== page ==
If you are an information technology professional or other expert user, my faith in reading this book is still justified, but the odds are you that you are already using work methods that are not easily replaced by those suggested by the author. But there are good ideas to be had here and there.

      In any case this book made me more conscious that I have a lot to say on this subject myself. Enough to write a whole book, I think. I will think about it 😉

      Strong Points:

      • Overall approach original and intelligent
      • Contents relatively timeless (by comparison to the average information technology book) 
      • Numerous ideas and interesting methods, even for expert digital information users
      • Revolutionary for everyone who is not an expert in digital information

      Weak Points:

      • Anti-Microsoft and pro-Apple absolutely not in an objective way 
      • Doesn’t talk about certain technologies like file indexing and voice recognition
      • Methods that make a digital information professional like myself raise his eyebrows; there are certain points on which I absolutely disagree with the author; I will write an article about this soon

      This article translated from the French by

      My rating : image image imageimageimageimageimageimageimage (if you are not an experienced digital user)

      image image imageimageimageimageimageimageimage (if you are a seasoned expert with your own methods)

      Add half a star if you have a Mac and another half star if you are anti-Microsoft.

      Have you read the book? How do you rate it?

      Mediocre - No interestReasonable - One or two interesting paragraphsIntermediate - Some goods ideasGood - Had changed my life on one practical aspectVery Good - Completely changed my life ! (No Ratings Yet)

      Read more reviews about Bit Literacy on Amazon.

      PMBA Challenge:

      Cost of the Book:€ 16,34
      Total Cost of the Project: 159,99
      Number of Pages:180
      Total Number of Pages:2146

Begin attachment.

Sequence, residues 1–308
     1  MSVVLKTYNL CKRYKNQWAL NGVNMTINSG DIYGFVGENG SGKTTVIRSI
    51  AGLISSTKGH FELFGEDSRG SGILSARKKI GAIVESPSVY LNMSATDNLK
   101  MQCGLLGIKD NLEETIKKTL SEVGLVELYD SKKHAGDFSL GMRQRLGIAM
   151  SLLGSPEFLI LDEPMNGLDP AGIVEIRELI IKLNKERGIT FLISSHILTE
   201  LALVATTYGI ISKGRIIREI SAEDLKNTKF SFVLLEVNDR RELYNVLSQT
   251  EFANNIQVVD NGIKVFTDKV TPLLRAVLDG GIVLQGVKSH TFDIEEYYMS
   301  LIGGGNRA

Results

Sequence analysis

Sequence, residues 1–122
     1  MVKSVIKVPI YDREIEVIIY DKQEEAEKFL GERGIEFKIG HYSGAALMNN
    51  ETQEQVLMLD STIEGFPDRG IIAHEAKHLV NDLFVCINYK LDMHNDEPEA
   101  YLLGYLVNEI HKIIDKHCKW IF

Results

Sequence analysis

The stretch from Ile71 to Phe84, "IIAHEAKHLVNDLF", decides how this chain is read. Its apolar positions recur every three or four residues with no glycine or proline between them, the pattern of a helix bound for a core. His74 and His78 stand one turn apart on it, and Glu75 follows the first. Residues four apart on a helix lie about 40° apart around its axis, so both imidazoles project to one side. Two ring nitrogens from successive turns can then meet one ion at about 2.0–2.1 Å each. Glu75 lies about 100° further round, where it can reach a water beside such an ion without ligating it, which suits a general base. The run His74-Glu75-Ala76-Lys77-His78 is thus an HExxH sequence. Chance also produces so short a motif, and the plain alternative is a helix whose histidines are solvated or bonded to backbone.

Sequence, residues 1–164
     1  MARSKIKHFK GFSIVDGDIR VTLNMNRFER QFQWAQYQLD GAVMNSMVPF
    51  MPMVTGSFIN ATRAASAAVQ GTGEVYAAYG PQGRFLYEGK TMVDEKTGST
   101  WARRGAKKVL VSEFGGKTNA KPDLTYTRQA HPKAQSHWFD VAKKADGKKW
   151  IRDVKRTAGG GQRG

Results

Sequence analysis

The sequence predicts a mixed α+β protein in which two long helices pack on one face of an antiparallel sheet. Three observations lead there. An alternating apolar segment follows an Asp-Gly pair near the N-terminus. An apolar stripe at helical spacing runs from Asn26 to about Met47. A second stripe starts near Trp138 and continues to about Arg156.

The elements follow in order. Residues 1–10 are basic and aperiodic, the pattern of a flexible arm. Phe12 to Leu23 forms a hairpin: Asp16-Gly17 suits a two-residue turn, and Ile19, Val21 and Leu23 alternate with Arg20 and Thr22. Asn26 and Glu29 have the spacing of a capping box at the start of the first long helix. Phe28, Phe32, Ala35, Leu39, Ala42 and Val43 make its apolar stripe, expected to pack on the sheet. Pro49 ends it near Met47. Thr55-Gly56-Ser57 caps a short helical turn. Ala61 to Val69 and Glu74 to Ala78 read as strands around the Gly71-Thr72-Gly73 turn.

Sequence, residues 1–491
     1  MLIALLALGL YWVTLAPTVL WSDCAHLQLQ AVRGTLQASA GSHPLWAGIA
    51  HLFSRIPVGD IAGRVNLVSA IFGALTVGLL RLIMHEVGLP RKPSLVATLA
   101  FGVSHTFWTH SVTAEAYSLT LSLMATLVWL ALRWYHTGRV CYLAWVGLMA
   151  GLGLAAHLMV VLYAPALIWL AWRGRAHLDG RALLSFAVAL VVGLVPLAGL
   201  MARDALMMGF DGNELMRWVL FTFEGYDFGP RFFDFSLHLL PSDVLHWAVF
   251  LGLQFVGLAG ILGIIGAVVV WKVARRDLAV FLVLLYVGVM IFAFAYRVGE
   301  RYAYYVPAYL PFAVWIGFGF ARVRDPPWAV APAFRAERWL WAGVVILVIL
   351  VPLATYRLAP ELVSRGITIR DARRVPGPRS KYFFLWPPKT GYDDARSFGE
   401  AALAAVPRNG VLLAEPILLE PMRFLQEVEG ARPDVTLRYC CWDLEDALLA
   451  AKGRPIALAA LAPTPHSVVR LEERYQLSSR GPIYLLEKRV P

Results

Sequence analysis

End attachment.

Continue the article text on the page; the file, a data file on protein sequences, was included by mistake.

Reading Time:3H
      Time to Write this Article:6H
      Total Project Time:87H

      Buy this book on Amazon :

      Bit Literacy – 3

      Bit Literacy -  la Productivité à l'Âge de l'Information et du trop-plein d'Emails 


      Note : This week I am testing a new way of publishing: I will post this article in 4 sections, published throughout the week. What do you think? Do you like this better or would you prefer a complete report every time? Let me know through your comments 😉 . The first part is here, and the second there.

      • Chapter 7: Managing Photos

      Everyone who was born before 1990 will remember how we handled photos before digital photography: each step in the photo cycle was defined by a single thing – cost. Film was expensive to purchase, and even more expensive to develop. Errors were costly. Often, at the moment of the photo, everyone posed, and you counted to three before taking the photo hoping that everything would turn out all right. It was only in special circumstances, like a wedding, that you took more than one photo of something. Once the photos were developed you kept them forever, even not very good ones.

      Polaroids allowed us to use instant photos at a higher cost,  and poorer quality, and it was impossible to make copies.

      Digital photography has completely changed that by offering photos instantly, of higher quality, and at a lower cost. Currently, taking one or 10 photos of the same subject costs the same price – zero – at least as long as you don’t print them. But ironically, this new era brings with it a new problem, common to all other digital information; you must manage the abundance of it. It’s not unusual for digital photo owners to have several thousand photos on their hard drive.

      How do we recover from this? Information technology companies offer us tools that allow us to add notes to our photos  or to assign "tags" to them – descriptive keywords – so that we can find them easily. These tools are not complete, locking the user into a proprietary system and are not as efficient a real Bit Literacy method that can be applied to photos. Here is one, in three simple steps:

      1 – Maximize the bits